New York Supreme and/or Appellate Courts Appellate Division, First Department
January 5, 2012
ROBERTO MITROTTI, INDEX PLAINTIFF-APPELLANT,
FRANK J. ELIA,
Mitrotti v Elia
2012 NY Slip Op 00042
Decided on January 5, 2012
Published by New York State Law Reporting Bureau pursuant to Judiciary Law § 431.
This opinion is uncorrected and subject to revision before publication in the Official Reports.
Saxe, J.P., Sweeny, Moskowitz, Manzanet-Daniels, Roman, JJ.
Order, Supreme Court, New York (George J. Silver, J.), entered August 17, 2010, which, in this action for personal injuries sustained in a motor vehicle accident, granted defendant's motion for summary judgment dismissing the complaint, unanimously affirmed, without costs.
Defendant established his entitlement to judgment as a matter of law by demonstrating that plaintiff did not sustain a serious injury within the meaning of Insurance Law § 5102(d). Defendant submitted an affirmed report of an orthopedist finding normal ranges of motion in plaintiff's cervical and lumbar spine, and left knee (see Porter v Bajana, 82 AD3d 488 ). Defendant also submitted the affirmed report of a radiologist who opined that changes shown in MRIs of the then 64-year-old plaintiff were degenerative, and that the condition of his spine was unchanged since 2002, when MRIs were taken following a prior motor vehicle accident.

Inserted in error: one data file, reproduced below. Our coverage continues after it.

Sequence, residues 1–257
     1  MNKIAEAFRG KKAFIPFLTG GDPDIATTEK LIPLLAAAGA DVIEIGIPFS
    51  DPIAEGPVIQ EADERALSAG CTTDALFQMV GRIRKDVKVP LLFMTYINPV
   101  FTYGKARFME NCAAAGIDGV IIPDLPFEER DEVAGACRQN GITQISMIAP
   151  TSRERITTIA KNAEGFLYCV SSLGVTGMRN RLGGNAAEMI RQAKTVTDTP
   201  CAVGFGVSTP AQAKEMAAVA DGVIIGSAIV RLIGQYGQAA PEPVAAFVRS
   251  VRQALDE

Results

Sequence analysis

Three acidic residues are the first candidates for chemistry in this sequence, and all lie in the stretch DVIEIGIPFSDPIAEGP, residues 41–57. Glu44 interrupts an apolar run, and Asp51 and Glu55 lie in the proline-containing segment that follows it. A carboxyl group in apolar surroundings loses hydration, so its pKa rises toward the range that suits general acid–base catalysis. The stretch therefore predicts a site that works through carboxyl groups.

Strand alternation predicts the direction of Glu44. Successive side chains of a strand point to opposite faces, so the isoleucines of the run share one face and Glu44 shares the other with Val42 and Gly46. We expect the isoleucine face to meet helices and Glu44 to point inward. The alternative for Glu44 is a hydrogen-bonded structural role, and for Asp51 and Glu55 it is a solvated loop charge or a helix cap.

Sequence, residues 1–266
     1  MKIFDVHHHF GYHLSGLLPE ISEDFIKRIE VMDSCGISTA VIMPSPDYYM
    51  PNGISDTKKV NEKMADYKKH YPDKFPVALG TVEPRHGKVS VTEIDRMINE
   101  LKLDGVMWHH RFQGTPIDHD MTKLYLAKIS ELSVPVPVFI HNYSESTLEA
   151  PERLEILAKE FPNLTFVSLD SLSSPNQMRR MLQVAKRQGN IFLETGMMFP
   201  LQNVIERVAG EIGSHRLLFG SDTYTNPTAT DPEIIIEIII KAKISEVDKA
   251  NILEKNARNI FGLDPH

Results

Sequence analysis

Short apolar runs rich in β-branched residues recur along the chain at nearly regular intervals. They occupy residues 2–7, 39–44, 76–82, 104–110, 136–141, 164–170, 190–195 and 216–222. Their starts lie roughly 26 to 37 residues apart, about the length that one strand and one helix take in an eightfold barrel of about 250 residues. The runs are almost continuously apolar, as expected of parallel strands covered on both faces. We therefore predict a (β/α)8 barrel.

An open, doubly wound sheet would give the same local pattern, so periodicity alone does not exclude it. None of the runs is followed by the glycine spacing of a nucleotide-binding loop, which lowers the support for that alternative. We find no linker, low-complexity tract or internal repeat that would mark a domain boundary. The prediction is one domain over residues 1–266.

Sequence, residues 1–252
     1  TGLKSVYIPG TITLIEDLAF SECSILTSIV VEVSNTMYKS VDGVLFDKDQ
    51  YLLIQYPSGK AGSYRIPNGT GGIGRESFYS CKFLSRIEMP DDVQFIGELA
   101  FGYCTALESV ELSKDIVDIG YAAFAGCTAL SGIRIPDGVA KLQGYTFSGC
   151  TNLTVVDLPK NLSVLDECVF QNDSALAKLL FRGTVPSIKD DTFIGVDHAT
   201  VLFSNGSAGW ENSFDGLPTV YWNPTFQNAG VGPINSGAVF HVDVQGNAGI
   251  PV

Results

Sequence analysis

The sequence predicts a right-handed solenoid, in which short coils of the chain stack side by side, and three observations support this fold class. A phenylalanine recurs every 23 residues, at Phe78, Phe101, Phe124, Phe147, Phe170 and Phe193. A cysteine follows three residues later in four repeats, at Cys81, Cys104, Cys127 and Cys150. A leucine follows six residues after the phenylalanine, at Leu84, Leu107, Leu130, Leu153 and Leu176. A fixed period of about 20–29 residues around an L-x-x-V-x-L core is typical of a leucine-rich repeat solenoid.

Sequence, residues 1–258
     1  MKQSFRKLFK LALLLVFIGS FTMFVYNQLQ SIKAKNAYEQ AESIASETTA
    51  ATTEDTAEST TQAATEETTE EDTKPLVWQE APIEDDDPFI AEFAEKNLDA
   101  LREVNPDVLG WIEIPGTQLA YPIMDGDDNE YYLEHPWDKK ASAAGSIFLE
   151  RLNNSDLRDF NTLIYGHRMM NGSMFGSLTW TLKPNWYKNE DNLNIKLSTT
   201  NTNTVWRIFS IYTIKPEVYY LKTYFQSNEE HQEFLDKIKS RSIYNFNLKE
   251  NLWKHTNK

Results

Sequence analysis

In opposition, plaintiff failed to raise a triable issue of fact. Plaintiff's medical affirmations did not provide an opinion as to causation (see Jackson v Delossantos-Diaz, 82 AD3d 489 ), and while plaintiff has admitted that he was involved in another accident two years before the one at issue, his doctors ignored the effect of that accident on the purported neck and back symptoms attributable to the subject accident (see Farrington v Go On Time Car Serv., 76 AD3d 818, 818  ["even where there is objective medical proof of an injury, summary dismissal of a serious injury claim may be appropriate when additional contributory factors, such as pre-existing conditions, interrupt the chain of causation between the accident and the claimed injury"]). Plaintiff also failed to submit an affirmation of any medical expert showing current range-of-motion deficits to rebut the findings of defendant's medical experts.
Dismissal of the 90/180-day claim was also proper. Plaintiff's bill of particulars stated that he was confined to bed for two weeks and home for two months following the accident (see Williams v Baldor Specialty Foods, Inc., 70 AD3d 522, 523 ).
We have considered plaintiff's remaining contentions, and find them unavailing.
THIS CONSTITUTES THE DECISION AND ORDER OF THE SUPREME COURT, APPELLATE DIVISION, FIRST DEPARTMENT.
ENTERED: JANUARY 5, 2012
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